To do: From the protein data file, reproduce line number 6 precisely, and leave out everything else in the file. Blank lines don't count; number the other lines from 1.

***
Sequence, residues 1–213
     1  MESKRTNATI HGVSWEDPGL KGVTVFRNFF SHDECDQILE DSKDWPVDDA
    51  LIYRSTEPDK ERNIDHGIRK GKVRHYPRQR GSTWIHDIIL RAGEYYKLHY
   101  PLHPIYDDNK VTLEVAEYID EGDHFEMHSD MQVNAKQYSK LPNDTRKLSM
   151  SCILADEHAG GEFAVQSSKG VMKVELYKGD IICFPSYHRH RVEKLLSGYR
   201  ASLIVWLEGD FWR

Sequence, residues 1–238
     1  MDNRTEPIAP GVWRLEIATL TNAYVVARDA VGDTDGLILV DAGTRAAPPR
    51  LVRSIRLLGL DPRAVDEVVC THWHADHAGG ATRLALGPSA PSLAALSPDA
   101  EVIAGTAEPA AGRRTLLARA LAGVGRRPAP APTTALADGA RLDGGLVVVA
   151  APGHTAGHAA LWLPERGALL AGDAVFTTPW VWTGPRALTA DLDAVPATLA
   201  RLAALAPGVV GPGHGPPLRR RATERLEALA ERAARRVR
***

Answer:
   201  ASLIVWLEGD FWR